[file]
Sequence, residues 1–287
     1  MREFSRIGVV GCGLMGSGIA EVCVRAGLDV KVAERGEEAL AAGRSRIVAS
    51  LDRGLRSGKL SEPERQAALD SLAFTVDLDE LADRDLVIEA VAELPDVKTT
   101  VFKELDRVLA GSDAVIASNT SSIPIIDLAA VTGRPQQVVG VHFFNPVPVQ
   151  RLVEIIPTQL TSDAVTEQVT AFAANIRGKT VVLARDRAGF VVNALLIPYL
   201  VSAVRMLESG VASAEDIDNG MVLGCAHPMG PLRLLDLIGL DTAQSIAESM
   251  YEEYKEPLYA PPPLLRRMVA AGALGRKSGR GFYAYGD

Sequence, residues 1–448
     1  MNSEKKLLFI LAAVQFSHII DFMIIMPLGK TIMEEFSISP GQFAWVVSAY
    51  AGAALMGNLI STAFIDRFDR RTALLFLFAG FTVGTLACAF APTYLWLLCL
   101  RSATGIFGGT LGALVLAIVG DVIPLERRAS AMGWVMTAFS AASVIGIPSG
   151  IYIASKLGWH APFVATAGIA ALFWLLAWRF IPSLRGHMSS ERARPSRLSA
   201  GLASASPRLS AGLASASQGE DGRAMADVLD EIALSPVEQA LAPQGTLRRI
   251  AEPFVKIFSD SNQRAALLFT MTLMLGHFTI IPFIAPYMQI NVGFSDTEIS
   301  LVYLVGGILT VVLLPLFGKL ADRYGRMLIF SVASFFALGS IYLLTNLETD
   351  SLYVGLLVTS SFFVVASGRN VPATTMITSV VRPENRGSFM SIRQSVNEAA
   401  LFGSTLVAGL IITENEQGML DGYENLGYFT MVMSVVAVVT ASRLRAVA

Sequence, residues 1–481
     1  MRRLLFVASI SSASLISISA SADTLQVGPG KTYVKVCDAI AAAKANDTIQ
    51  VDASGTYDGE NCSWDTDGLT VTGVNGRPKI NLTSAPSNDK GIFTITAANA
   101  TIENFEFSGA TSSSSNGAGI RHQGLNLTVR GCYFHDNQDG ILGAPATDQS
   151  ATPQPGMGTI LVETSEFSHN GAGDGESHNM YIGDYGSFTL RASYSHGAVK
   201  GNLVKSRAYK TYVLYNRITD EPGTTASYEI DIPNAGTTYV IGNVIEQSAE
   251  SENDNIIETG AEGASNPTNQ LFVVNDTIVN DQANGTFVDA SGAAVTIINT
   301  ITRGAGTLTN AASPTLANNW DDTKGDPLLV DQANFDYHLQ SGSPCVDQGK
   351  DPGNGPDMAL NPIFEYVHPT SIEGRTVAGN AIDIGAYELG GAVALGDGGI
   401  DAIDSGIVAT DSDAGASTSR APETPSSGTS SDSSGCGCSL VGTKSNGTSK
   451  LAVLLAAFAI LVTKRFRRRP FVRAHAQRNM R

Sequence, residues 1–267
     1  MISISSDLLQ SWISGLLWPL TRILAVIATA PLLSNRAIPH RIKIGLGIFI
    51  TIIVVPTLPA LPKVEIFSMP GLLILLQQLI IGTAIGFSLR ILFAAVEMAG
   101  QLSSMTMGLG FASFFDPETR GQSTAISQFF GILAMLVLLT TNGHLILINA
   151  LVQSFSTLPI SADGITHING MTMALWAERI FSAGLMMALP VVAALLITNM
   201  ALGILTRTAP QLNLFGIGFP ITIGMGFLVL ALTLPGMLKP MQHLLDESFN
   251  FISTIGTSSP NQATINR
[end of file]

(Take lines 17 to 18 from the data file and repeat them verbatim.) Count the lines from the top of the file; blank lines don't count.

   401  LFGSTLVAGL IITENEQGML DGYENLGYFT MVMSVVAVVT ASRLRAVA

Sequence, residues 1–481